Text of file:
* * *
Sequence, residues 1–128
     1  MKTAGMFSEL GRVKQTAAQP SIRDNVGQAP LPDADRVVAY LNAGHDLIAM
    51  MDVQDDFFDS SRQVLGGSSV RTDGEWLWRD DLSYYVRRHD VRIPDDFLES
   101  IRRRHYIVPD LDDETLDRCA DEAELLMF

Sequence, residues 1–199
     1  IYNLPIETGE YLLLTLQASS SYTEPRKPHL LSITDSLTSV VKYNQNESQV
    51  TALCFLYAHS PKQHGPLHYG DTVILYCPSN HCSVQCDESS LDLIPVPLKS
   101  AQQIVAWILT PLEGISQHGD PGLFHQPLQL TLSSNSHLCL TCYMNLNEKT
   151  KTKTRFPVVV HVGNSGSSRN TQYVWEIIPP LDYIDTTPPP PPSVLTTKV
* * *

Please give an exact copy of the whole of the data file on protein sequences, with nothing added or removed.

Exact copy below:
Sequence, residues 1–128
     1  MKTAGMFSEL GRVKQTAAQP SIRDNVGQAP LPDADRVVAY LNAGHDLIAM
    51  MDVQDDFFDS SRQVLGGSSV RTDGEWLWRD DLSYYVRRHD VRIPDDFLES
   101  IRRRHYIVPD LDDETLDRCA DEAELLMF

Sequence, residues 1–199
     1  IYNLPIETGE YLLLTLQASS SYTEPRKPHL LSITDSLTSV VKYNQNESQV
    51  TALCFLYAHS PKQHGPLHYG DTVILYCPSN HCSVQCDESS LDLIPVPLKS
   101  AQQIVAWILT PLEGISQHGD PGLFHQPLQL TLSSNSHLCL TCYMNLNEKT
   151  KTKTRFPVVV HVGNSGSSRN TQYVWEIIPP LDYIDTTPPP PPSVLTTKV